Raindrop Cake Looks Awesome And Is Almost Zero CaloriesThis raindrop cake is making its U.S. debut. Posted by The Huffington Post on Thursday, March 31, 2016
Nobody does pretty-looking food or edible fads quite like the Japanese. With dewdrop cake (also called raindrop cake), you get both: a work of culinary art, and a dessert craze that has patrons lining up for a taste. Now, New York City foodies can get in on the trend, as enterprising American chef Darren Wong is offering it at Brooklyn "food flea market" Smorgasburg.
The Japanese treat called mizu shingen mochi, or “water droplet cake,” can only last about 30 minutes at room temperature before vanishing like the morning dew. In fact, the original mizu shingen mochi was made with spring water from the Japanese Alps and was only available in two Japanese cafes—both of which quickly became foodie destinations.
Wong told Huffington Post that adapting the ephemeral dessert here was trickier than he expected. New York City water may be good for bagels, but dewdrop cake is something altogether. Some people have speculated that the chemistry of Japanese mineral water may be necessary to achieve the perfect consistency. “The cake has to maintain its shape but still have the texture of water,” Wong said. “It’s very delicate and fragile.”
Eventually, he got it. True to the original recipe, Wong's raindrop cakes will be served with a drizzle of brown sugar syrup and a dusting of kinako, or roasted soybean flour.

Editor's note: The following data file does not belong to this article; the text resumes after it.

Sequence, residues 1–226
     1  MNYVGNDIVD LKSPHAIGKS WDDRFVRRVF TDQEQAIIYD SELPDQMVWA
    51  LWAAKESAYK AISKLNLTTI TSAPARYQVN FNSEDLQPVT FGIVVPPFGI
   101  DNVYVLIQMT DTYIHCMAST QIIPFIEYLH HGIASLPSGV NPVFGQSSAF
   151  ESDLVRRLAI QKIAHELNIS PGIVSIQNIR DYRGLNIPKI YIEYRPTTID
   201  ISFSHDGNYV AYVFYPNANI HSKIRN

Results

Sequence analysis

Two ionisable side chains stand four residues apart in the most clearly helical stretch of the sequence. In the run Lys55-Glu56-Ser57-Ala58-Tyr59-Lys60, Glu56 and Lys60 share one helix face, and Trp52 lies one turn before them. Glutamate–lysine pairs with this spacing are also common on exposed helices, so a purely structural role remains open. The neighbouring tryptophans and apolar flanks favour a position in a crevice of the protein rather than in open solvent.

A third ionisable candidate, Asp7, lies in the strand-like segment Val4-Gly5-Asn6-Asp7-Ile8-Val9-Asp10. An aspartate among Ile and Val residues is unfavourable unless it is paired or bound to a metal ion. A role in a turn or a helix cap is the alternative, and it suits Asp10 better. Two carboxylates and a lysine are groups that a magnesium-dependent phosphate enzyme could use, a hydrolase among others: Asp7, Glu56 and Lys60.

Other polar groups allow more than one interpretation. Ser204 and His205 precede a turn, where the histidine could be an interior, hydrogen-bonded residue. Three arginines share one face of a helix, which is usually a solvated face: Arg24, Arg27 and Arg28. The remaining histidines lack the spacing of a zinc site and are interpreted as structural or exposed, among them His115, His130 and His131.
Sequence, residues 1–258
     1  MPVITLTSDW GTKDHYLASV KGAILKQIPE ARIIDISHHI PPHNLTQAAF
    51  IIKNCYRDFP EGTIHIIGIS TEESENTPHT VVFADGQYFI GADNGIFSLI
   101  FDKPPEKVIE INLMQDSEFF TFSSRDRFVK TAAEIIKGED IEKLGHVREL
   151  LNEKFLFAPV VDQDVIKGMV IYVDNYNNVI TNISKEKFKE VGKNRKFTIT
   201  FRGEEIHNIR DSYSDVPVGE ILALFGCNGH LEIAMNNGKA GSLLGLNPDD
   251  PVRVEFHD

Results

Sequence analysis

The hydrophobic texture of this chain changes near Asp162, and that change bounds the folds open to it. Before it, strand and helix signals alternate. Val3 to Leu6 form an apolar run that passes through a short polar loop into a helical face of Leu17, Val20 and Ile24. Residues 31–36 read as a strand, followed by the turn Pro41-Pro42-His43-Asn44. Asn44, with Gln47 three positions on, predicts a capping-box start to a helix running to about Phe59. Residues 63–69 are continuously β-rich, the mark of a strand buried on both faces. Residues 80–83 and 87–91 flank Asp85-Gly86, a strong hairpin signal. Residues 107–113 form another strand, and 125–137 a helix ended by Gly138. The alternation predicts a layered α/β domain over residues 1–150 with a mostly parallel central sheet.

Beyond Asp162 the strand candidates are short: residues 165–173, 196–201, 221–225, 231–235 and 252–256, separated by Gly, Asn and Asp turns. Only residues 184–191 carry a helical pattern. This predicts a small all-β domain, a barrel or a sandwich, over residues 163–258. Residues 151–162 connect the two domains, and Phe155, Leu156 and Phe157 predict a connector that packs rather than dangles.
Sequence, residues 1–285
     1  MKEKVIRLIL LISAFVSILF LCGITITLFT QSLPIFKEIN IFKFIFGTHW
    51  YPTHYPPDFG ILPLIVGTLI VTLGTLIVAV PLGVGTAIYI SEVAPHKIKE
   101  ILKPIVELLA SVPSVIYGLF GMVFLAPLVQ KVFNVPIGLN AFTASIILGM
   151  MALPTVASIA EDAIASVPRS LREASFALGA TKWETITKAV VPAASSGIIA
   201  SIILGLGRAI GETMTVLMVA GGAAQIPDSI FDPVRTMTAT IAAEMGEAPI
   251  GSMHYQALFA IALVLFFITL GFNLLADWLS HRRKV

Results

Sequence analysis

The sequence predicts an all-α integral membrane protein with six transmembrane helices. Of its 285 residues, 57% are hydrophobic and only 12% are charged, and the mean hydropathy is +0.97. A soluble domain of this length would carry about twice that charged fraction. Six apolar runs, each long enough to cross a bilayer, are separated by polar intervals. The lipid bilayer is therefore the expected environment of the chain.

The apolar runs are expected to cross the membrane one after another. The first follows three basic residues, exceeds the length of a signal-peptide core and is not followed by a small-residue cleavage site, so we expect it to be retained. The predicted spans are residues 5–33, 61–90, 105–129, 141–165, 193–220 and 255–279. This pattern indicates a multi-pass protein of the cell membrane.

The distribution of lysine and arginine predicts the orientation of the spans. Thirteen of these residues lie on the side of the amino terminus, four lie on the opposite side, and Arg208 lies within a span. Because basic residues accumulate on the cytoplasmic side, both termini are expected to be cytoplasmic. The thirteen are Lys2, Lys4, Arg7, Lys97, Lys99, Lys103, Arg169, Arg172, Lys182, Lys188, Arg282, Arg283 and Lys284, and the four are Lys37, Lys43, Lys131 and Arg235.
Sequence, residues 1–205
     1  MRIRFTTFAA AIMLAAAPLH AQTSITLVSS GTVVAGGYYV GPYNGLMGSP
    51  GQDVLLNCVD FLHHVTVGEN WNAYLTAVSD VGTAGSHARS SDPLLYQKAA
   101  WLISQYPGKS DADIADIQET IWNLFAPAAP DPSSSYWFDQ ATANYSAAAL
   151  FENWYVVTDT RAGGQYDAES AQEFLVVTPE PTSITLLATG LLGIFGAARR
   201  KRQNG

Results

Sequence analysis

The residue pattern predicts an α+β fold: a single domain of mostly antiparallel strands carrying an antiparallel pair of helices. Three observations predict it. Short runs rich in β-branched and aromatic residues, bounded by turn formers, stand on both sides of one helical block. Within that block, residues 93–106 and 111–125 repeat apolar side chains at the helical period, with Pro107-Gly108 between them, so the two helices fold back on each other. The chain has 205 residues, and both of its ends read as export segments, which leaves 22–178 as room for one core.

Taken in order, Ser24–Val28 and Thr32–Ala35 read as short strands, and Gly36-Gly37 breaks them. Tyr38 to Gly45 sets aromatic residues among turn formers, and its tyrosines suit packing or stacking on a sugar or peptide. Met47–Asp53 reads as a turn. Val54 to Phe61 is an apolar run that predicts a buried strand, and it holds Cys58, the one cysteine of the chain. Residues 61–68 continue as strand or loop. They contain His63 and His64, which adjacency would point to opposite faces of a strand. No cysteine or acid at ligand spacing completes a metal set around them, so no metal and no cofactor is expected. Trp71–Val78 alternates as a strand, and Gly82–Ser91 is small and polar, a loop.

How does the raindrop itself taste? “Like water-flavored Jell-o,” wrote one blogger who had made her own. But when you look this good, who needs flavor?
You can whip up your own raindrop cakes (but you'd better eat them fast) with the recipe below from The Cooking of Joy. All of the ingredients and the dewdrop-shaped jelly mold can be purchased online.
2/3 cup spring water pinch of vanilla sugar about 1/8 tsp. of agar powder
1. Mix the water and sugar in a microwaveable measuring cup.
2. Microwave 30 seconds and stir until the sugar dissolves. While stirring, sprinkle in the agar powder.
3. Continue heating and stirring, at 30 second intervals, until the agar is completely dissolved, 5 to 10 minutes.
4. Pour the liquid into the jelly molds and pop any bubbles you see.
5. Refrigerate the mochi for several hours or overnight.
6. To serve, carefully drop the mochi out of their molds and serve immediately with the garnish of your choice.
The original mizu shingen mochi is served with kinako (toasted soybean flour) and dark sugar syrup. Joy recommends sweetened condensed milk and powdered black sesame seeds.
A version of this post previously appeared in November 2015.
Header image via YouTube // Hey! It's Mosogourmet!